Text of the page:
Last Updated on July 4, 2020 by Bakari Chavanu

If you’re new Mac automation, you might wondering what is the differences between the various automation programs available for the Mac. In this article I share my five most frequently used Mac automation applications that help me stay productive by actually saving me time with performing redundant clicking, mouse movements and tasks I need to perform on a regular basis.

Each of the applications has a unique purpose, and I recommend using all of them. TextExpander is the only subscription-based application in the group; however there are alternative text expansion apps, like TypeIt4Me that don’t require a subscription.

If you’re not currently using these Mac automation applications I recommend downloading the trial version of each of them and experimenting with what they can do. In a section of this article I provide links to some of my articles to help you give you some ideas about specifically what these applications can do.

Definitions and Ratings of Tasks

Perform text expansions: how useful it is for managing and performing text expansions using an abbreviation.

Triggering Shortcuts and Menu Items: how useful it is for managing and triggering keyboard shortcuts and menu items.

Internet searches: how useful it as for performing Internet searches.

Triggering Folder Actions: how it useful it for managing and trigging folder actions, i.e, when something is added to a folder, an action takes place.

Day and Time Trigger: How useful it is for managing and triggering day and time triggers.

Trackpad and Finger Triggers: Can trigger actions using a trackpad or Magic mouse.

5 Very useful • 4 Somewhat useful • Useful • 3 Can do it, but not very useful • X Does not apply

TaskKeyboard Maestro TextExpander
BTT
Alfred
Hazel
Performs text expansions4534X
Triggering shortcuts and menu items5X34X
Trigger Folder actions4X345
Time and Day Triggers5XXXX
Internet Search4X35X
Trackpad/MousTriggers2X5XX

5 Mac Automation Applications

Keyboard Maestro

Keyboard Maestro is sort of the grandaddy of Mac automation applications. It’s much more advance than Apple’s Automator, which has not been significantly updated in several year years. Keyboard Maestro contains hundreds of actions that you can trigger using keyboard shortcuts, string triggers, application triggers, and much more. Keyboard Maestro is modestly priced and is regularly updated. Use my affiliate link to purchase it.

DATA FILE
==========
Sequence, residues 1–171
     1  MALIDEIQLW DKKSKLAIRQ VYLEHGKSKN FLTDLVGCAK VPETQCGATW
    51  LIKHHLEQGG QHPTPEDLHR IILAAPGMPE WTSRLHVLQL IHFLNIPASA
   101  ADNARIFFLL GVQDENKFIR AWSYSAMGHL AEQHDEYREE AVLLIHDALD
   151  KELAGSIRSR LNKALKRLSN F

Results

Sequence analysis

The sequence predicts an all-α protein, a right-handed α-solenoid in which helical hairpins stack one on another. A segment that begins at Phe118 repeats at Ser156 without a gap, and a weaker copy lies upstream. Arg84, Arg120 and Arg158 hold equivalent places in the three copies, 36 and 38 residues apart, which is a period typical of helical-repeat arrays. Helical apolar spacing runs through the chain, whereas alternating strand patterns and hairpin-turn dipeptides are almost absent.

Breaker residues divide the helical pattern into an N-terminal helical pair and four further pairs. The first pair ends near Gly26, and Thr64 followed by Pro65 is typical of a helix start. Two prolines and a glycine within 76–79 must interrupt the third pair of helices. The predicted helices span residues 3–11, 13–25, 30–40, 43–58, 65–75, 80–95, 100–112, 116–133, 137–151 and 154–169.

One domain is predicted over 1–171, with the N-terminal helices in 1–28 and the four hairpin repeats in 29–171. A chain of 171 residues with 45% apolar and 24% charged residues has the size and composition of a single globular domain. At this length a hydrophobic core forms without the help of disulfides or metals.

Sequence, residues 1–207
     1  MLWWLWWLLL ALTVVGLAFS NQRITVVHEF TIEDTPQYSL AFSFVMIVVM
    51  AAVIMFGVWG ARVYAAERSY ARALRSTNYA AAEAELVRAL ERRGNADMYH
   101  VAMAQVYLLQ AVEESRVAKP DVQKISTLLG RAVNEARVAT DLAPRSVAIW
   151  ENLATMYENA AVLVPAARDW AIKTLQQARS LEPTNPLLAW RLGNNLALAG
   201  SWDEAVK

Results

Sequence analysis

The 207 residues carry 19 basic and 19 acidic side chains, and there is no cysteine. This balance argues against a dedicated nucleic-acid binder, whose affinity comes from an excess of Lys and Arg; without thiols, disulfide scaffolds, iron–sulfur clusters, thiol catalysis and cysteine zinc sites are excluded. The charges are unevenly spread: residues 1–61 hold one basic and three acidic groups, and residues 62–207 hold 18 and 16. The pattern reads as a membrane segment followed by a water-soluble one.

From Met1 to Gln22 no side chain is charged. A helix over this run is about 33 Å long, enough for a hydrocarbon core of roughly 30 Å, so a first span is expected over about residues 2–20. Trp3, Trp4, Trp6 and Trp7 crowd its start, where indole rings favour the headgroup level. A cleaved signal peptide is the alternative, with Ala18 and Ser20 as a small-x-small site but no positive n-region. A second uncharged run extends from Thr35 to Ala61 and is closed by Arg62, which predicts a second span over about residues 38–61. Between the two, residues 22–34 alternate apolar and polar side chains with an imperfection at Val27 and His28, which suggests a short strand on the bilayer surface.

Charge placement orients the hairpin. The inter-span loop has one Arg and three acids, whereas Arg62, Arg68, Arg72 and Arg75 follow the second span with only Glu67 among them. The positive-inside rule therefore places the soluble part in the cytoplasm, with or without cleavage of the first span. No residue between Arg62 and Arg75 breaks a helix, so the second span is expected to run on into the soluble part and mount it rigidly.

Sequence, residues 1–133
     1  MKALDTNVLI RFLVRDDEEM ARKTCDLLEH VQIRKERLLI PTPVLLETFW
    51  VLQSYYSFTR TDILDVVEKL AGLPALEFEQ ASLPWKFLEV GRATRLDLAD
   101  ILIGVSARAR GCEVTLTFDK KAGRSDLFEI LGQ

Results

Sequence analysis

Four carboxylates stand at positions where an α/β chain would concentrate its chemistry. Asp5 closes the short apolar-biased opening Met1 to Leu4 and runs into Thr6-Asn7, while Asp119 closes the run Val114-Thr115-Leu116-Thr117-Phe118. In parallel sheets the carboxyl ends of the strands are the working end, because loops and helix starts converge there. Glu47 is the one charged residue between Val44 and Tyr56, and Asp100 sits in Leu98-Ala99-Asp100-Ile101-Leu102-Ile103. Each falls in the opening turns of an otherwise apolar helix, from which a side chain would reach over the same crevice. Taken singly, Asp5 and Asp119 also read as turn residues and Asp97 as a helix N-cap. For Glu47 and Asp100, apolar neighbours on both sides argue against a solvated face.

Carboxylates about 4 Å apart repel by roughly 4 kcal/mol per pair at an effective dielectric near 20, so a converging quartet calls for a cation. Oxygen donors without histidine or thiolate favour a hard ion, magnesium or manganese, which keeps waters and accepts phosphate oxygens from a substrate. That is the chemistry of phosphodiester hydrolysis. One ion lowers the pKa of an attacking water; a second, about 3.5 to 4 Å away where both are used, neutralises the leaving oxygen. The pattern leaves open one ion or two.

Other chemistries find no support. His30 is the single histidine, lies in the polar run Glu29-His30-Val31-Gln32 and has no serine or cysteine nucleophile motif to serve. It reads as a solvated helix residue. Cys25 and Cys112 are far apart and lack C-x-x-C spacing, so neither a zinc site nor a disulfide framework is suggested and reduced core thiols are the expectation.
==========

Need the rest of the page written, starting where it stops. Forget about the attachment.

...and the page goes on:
TextExpander

TextExpander is a text expansion application that is highly useful if you do a lot of typing on your Mac. Some people are reluctant to use a text expansion program because they think that can’t remember assigned abbreviations for expanding designated text. But there are strategies for remembering abbreviations that I outline in this article. Use my affiliate link for a discount.

BetterTouchTool

When my hand is already on my trackpad, BetterTouchTool saves me from having to move my hand back to the trackpad (notice how many times you do it) in order to press keyboard shortcuts or select a menu item. I use BTT for hundreds of global and application-specific triggers. Once you start using BTT, you’ll never want to use a Mac without it. Here’s an article and video about how to use BTT with Safari.

You can download free trial of BetterTouchTool using my affiliate link. Also check out my BetterTouchTool articles.  

Alfred

Alfred is similar to Apple’s Spotlight program, but it does a lot more. I use it for performing quick Google searches, retrieving and pasting previously copied snippets of text, running quick math calculations, searching my Contacts list, and much more. Here are 10+ ways I use Alfred to improve my productivity. Note: I’m referring to the premium version of Alfred which includes the clipboard manager. Update: Alfred can do text expansion. Inputting data for expansions requires a few more steps than how it’s done in TextExpander, but it’s still very useful.

Hazel rule

Hazel

Hazel is one of the only truly automation programs performs that actions on designated folders, including your desktop without manual triggering. For example, Hazel will move any files on my desktop that have been there more than eight hours. My Hazel library includes dozens of folder rules that help me move and manage files in various places on my Mac. Here’s an overview of how Hazel works.

Are You New Mac Automation

If you are not a subscriber to MacAutomationTips, be sure to sign up so that you won’t miss any of the blog posts and other resources I provide.

Many of the subscribers to MacAutomationTips are already familiar with one or more of these applications, but if you’re new to Mac automation, please let me know which of the above applications you find useful. Which ones do you plan to try out, and how do you think you might use them?

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